Carlos Alcaraz will compete in his tenth Masters 1000 quarter-final following a hard-fought victory over Tommy Paul in Cincinnati. World no. 1 prevailed 7-6, 6-7, 6-3 after three hours and nine minutes, enduring a formidable opponent and the rain to advance into the last eight.
Alcaraz gave everything to serve revenge and oust the rival who defeated him in Toronto last week. The Spaniard lost serve four times but did enough damage to emerge at the top. Carlos created no less than 23 break chances, seizing six and moving over the top with a strong performance in the decider.
Alcaraz fired 40 winners and 60 unforced errors, controlling the pace with his forehand and spraying too many mistakes from both wings. Paul blasted 45 service winners and still faced that many break points after losing ground in the mid-range exchanges.
The American saved a break point in the encounter's first game and built the advantage with a break at 15 in game six following a volley winner at the net.
Carlos Alcaraz is through into the last eight in Cincinnati.
Paul denied two break points in the seventh game and served for the opener at 5-3.
Alcaraz pulled the break back at the last moment after the rival's volley error, returning to the positive side and gaining a boost. Carlos created three break points in the 11th game, eager to seal the set before the tie break.
Instead, Tommy saved them and extended the battle. The set went into a tie break, and the American forged a 5-3 lead. The Spaniard pulled the mini-break back with a forehand winner and squandered a set point at 6-5. Carlos landed a drop shot winner at 6-6 and seized the second set point after the rival's forehand error.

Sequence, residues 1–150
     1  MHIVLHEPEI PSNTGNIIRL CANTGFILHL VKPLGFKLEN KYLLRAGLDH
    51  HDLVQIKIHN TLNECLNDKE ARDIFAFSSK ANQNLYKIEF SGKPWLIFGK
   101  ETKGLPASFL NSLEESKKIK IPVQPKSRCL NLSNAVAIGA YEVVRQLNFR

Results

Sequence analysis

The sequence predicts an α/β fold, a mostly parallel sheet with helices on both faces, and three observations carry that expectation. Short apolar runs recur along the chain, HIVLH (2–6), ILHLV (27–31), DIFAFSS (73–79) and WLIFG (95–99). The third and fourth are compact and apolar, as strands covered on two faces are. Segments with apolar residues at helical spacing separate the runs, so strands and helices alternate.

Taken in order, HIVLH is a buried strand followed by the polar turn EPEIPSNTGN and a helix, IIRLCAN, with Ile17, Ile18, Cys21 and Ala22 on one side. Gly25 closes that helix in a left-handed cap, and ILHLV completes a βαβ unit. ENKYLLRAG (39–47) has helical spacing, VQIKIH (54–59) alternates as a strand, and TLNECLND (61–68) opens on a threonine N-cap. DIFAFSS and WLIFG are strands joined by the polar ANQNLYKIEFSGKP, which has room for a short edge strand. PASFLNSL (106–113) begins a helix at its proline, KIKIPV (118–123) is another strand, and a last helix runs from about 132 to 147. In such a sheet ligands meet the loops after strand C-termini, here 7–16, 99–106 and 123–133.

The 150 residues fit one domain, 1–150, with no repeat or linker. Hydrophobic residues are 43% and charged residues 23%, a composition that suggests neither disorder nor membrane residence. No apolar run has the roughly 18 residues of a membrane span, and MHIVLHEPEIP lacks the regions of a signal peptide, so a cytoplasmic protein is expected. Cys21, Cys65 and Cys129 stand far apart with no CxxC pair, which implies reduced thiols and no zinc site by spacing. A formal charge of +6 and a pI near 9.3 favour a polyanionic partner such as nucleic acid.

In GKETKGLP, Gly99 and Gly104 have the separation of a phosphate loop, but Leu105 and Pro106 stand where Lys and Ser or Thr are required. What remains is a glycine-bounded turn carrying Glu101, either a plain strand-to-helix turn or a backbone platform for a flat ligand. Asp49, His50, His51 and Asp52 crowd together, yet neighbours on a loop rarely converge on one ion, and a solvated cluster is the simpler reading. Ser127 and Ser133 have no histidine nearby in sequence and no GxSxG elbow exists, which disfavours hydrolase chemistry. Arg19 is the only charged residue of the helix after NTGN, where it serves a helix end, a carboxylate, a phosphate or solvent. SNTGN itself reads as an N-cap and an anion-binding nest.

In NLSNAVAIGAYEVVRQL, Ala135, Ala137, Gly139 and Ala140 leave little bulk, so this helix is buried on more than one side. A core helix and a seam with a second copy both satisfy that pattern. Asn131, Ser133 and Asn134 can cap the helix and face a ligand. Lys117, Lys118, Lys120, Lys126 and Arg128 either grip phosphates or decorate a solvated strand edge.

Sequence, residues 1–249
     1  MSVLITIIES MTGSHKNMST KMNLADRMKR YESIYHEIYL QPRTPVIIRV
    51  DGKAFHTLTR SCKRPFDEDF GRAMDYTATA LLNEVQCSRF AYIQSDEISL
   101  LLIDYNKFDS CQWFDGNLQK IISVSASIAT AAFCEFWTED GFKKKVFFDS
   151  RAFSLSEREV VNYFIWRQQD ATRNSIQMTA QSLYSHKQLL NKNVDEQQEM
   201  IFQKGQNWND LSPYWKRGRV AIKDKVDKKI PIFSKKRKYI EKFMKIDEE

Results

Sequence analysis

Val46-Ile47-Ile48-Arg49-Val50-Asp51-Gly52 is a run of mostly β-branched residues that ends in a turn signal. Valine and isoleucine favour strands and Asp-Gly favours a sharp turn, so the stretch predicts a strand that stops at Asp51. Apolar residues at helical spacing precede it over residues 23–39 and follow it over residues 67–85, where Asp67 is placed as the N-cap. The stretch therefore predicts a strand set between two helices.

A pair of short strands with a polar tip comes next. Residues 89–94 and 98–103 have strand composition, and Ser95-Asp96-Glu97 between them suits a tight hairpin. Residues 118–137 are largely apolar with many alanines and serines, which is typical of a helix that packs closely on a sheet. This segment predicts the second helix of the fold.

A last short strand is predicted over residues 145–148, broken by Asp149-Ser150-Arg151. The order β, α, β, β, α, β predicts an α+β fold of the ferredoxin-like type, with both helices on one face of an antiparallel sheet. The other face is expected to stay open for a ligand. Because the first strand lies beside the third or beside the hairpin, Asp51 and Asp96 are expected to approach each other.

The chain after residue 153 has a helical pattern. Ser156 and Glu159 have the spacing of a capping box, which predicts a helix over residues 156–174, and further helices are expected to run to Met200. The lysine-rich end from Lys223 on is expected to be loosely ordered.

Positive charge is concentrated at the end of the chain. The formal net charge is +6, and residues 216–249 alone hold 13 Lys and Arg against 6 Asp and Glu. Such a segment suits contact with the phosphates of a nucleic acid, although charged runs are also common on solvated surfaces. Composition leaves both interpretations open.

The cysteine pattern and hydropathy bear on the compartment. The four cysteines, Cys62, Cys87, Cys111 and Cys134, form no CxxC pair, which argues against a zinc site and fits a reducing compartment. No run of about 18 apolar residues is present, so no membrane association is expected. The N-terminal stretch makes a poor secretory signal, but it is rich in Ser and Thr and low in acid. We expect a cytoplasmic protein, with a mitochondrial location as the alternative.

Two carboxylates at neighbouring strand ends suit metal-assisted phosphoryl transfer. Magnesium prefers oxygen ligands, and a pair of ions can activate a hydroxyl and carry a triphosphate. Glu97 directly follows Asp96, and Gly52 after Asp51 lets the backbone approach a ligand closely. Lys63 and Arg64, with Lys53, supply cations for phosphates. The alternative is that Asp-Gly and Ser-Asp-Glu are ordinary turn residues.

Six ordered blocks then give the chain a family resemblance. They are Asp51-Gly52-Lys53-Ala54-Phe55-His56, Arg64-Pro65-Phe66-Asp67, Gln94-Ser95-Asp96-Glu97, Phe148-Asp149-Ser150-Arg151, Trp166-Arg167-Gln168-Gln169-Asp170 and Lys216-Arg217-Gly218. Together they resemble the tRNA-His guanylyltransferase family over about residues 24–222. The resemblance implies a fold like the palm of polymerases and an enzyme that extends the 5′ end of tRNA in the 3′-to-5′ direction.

They struggled behind the second serve in the second set, with 17 break points up for grabs. We saw three breaks on each side, as they stayed neck and neck. Paul led 2-1, 4-3 and 5-4, constantly losing serve in the next game and squandering a set point in game ten to keep the rival in contention.
Tommy faced an ultimate challenge in game 12, denying three set points and gathering a boost ahead of the tie break following a 15-minute game. Paul was the only player on the court in the breaker, taking it 7-0 and forcing a decider after two hours and 23 minutes.
World no. 1 made a fresh start and delivered a break at the beginning of the final set when his rival missed a forehand. Paul survived a break point in the fifth game to remain within one break deficit before they left the court due to the rain.
They returned an hour and a half later, and Carlos served well to open a 5-3 gap. The rivals left the court again after the opening point of the ninth game, and Carlos grabbed a break when they returned to seal the deal and end his agony.
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